Queen's Platinum Jubilee: The monarch's visits to Fife in the last seven decades

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It was on February 6, 1952 that the reign of Queen Elizabeth II began following the death of her father, King George VI.

On February 6, 2022, she became the first British monarch to reign for 70 years.

The official celebrations for her Platinum Jubilee take place in June, at a time when it is hoped better weather will see celebrations take place across the country during a long weekend with an additional public holiday, on June 3, to mark the occasion.

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It is hoped communities will come together to celebrate the historic milestone.

The Queen talks to people in the crowd during her visit to the Lang Toun in 1998.The Queen talks to people in the crowd during her visit to the Lang Toun in 1998.
The Queen talks to people in the crowd during her visit to the Lang Toun in 1998.

Over those last seven decades, Her Majesty has been greeted by cheering crowds as she’s toured the country performing her duties.

And it’s been no exception when she’s come to Fife, visiting many times while on the throne.

The weather may not always have been favourable, but Fifers have gathered to catch a glimpse of the royal visitor and cheer, with children waving flags and homemade posters, ensuring she received a very warm welcome.

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Here we take a look back at some of her visits to the Kingdom.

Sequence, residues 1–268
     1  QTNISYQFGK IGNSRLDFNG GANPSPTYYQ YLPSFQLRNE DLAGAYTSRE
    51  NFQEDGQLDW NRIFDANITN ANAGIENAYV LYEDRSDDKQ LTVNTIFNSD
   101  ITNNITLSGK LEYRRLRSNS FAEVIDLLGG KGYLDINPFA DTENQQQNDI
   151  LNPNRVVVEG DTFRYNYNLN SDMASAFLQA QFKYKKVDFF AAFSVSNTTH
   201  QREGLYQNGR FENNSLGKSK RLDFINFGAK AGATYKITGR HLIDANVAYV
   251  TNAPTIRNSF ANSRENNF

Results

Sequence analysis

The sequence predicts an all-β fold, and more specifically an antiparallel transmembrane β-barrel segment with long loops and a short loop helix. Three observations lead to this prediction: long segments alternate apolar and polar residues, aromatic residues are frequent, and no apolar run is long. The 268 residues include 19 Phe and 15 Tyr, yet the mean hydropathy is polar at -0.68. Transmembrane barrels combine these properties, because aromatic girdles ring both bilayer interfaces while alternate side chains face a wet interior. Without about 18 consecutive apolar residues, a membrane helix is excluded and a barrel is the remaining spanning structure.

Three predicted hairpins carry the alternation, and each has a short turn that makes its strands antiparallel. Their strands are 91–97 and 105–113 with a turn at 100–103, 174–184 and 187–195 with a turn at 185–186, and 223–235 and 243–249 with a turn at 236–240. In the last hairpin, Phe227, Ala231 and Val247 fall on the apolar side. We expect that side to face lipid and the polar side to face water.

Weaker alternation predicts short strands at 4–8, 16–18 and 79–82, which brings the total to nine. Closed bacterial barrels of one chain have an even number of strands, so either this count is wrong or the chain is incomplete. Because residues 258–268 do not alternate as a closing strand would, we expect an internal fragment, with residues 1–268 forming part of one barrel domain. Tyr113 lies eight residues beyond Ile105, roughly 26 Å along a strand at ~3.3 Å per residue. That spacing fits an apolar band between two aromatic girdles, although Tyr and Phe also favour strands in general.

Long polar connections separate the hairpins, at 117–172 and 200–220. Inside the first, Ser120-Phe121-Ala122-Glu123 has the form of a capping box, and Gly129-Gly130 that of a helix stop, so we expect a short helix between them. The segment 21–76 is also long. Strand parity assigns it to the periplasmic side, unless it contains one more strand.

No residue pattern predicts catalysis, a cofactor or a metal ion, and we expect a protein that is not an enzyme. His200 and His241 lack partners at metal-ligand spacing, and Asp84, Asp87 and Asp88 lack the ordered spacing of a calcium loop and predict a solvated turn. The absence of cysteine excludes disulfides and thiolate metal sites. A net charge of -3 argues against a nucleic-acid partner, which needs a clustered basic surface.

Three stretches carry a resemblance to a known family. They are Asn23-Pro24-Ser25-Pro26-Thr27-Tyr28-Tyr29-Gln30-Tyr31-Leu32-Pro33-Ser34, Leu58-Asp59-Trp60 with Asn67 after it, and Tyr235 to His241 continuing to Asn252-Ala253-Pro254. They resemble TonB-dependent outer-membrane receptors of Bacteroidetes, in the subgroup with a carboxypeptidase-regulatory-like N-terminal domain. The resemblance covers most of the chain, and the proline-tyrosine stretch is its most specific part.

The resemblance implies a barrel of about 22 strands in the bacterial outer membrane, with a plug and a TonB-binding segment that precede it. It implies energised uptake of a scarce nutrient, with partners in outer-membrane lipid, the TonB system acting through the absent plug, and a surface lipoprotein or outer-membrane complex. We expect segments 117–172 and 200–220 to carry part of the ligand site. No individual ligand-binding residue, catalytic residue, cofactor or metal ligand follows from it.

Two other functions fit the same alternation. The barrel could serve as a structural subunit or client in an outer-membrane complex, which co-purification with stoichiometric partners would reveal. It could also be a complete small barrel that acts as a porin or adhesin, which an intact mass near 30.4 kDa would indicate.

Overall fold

The Queen sniffs some flowers given to her when she officially opened the new ethylene plant at Mossmorran in June 1986.The Queen sniffs some flowers given to her when she officially opened the new ethylene plant at Mossmorran in June 1986.
The Queen sniffs some flowers given to her when she officially opened the new ethylene plant at Mossmorran in June 1986.

In June 1958, the Queen, accompanied by her late husband Prince Philip, visited several of Fife’s towns and villages.

Their trip was primarily so the couple could visit Rothes Colliery in Thornton – which at the time was seen as the future of the coal industry and something of a ‘super pit’.

Her Majesty broke the age old miner’s superstition of not allowing a woman to visit the pit.

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The monarch, with her white boiler suit and hard hat, was greeted by employees as she descended the 1600 feet as part of a 45 minute visit to the coalface.

The Queen visits Rothes Colliery in Thornton in 1958.The Queen visits Rothes Colliery in Thornton in 1958.
The Queen visits Rothes Colliery in Thornton in 1958.

After meeting the miners, the pair travelled the short distance to Kirkcaldy where celebrations were concentrated in the Town Square.

The royal couple enjoyed lunch in the Council Chambers in the Town House and went on to visit the new Kirkcaldy High School.

During their visit to the Kingdom that year they also visited Falkland Palace, Cupar, Newport and Dunfermline Abbey.

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The couple returned to the Kingdom three years later in the summer of 1961 when they visited Westfield Opencast site to officially open the Westfield Works.

On September 4, 1964, Her Majesty officially opened the Forth Road Bridge – the longest suspension bridge in Europe at the time.